These terms become part of the Rules of Conduct that real estate agents are legally required to comply with. An agent who fails to comply with the Rules of Conduct may face penalties, including fines of up to $5,500 for an individual and $11,000 for a company.
It's good to see the NSW government act to introduce strong prohibitions against rent bidding practices. It's a source of deep frustration for people that the advertised rent doesn't always reflect what the landlord or agent is realistically expecting for the property and so whether they can actually afford the property. It wastes a lot of time and energy for both renters and property managers. Prospective renters can find themselves continuously unsuccessful after being outbid for a property. Many, caught up in this process, find themselves pushed beyond their means to secure a property.  

Unfortunately we don't think that the reforms in their current form will achieve what is needed. Most significantly, the reforms fail to restrict landlords or agents from accepting formally unsolicited offers. There are two forms of rent bidding – the first is where a landlord or their agent encourages bidding either via advertisement or explicit solicitation, the second is where a renter makes an offer above the advertised rent without being formally required or told to do so.

The impact of the current reforms will be negligible unless landlords are banned from accepting so-called unsolicited higher offers. If we only address the soliciting, the experience from other states and territories tells us we have not effectively addressed rental bidding and it will continue. We’d really like to see a restriction on accepting a rent over the advertised price, so you can negotiate down if you’ve pitched too high but you can’t bid up. When the market is tight, applicants are in a situation of disadvantage and will still feel pressured to make a higher offer.
Read more – Rent Bidding

Renters speak out on hot homes

For most Sydneysiders, this summer hasn't been as extreme (yet) as in recent years, but unbearable heat is still a huge problem for many renters. We have been working with Better Renting, Healthy Homes for Renters, and other tenant organisations across the country to keep the issue of insulation and improved minimum standards on the agenda. Read more: Not cool: push for insulation in all Australian rental homes as study shows dangerous heat levels (Guardian), and check us out on The Project

Renters privacy and data security

There is growing concern among renters about unregulated new technologies and use of our data in the property industry – see this roundup in Tenant News late last year or a scary glimpse from the US: Meet The Spy Tech Companies Helping Landlords Evict People (VICE).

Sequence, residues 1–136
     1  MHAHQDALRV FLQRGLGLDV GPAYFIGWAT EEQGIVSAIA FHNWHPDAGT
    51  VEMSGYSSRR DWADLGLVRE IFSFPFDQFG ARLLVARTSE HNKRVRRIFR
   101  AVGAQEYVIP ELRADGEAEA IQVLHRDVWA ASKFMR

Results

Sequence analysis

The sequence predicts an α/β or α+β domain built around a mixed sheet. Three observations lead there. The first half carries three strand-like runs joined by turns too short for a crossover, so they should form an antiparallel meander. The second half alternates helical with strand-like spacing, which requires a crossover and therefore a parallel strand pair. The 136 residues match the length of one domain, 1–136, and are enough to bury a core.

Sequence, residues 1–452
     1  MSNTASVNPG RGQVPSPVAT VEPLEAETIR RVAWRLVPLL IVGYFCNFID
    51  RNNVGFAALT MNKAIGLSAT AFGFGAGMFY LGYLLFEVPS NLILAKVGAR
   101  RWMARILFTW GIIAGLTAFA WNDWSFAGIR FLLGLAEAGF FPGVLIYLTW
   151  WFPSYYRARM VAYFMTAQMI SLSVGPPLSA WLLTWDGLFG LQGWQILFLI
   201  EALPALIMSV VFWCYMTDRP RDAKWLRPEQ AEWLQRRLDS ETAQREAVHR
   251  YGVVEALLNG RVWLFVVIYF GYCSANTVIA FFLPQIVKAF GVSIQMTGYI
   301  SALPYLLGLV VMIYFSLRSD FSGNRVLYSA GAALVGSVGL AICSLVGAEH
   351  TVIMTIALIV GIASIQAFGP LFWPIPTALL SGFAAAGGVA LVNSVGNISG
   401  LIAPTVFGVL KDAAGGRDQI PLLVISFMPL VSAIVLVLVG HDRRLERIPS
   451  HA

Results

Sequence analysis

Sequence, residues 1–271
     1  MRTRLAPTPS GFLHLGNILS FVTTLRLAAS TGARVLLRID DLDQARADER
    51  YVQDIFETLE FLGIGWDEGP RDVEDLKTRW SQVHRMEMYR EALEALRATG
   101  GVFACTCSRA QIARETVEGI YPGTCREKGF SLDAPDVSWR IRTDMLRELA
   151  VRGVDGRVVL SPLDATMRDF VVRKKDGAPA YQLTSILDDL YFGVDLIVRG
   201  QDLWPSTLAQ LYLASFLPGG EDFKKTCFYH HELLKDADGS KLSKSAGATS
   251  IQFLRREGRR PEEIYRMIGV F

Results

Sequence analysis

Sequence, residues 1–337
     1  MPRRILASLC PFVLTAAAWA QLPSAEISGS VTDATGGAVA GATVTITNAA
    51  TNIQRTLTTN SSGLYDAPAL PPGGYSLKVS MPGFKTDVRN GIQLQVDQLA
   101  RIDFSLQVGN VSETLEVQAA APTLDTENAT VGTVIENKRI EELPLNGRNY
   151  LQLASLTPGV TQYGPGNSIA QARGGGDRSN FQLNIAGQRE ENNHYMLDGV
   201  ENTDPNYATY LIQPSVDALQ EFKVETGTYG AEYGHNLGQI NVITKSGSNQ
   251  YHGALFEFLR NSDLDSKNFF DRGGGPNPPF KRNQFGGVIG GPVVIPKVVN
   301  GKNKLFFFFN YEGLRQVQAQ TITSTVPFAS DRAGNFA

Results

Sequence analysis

So we were pleased to see the NSW Government commit to new guidelines on the personal data security of renters in a bid to crack down on cyber-attacks and identity fraud – NSW brings in controls on how renters’ data can be stored and used (Guardian). Now that this issue is in the spotlight, it's a great opportunity to explore what is happening and guide policy to a fair and effective system. We've developed a survey to capture renter experiences and thoughts and help us make sure we're effectively representing you in discussions with government and industry (and you can answer anonymously!)
Take the survey


The Tenants' Union was pleased to once again be part of a stall at Yabun – the largest one-day celebration and recognition of Aboriginal and Torres Strait Islander cultures in Australia. We recognise that the displacement of Aboriginal people from their lands and the ongoing occupation of Country has a continuing impact. In contrast to many other inhabitants of NSW, the majority of Aboriginal and Torres Strait Islander people rent their homes. We were grateful to have the opportunity to talk to members of the community, share resources and make referrals to help people access support from advocates.

Exhibition of renters photography

We were thrilled with the quality of submissions we received to our renters photography competition. The entries have been submitted to our panel of judges. We will be in touch with the photographers of the shortlisted images soon. We’ll be holding a one-night exhibition of semi-finalists, finalists and category winners from 6:30pm on 9 March, in the Barnet Long Room at Customs House.
We’re hoping the event will attract renters, campaigners, advocates, community leaders and politicians who are focussed on rental housing justice. We can’t wait to celebrate the stories and artistic contributions of renters. Keep and eye out for a special email invite to the event!
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The Tenants’ Union recognises that Aboriginal and Torres Strait Islander Peoples are the First Nations of Australia. Our office is on the Country of the Gadigal of the Eora Nation. We are committed to respecting Aboriginal and Torres Strait Islander Peoples, cultures, lands, and histories as we battle for tenants’ rights.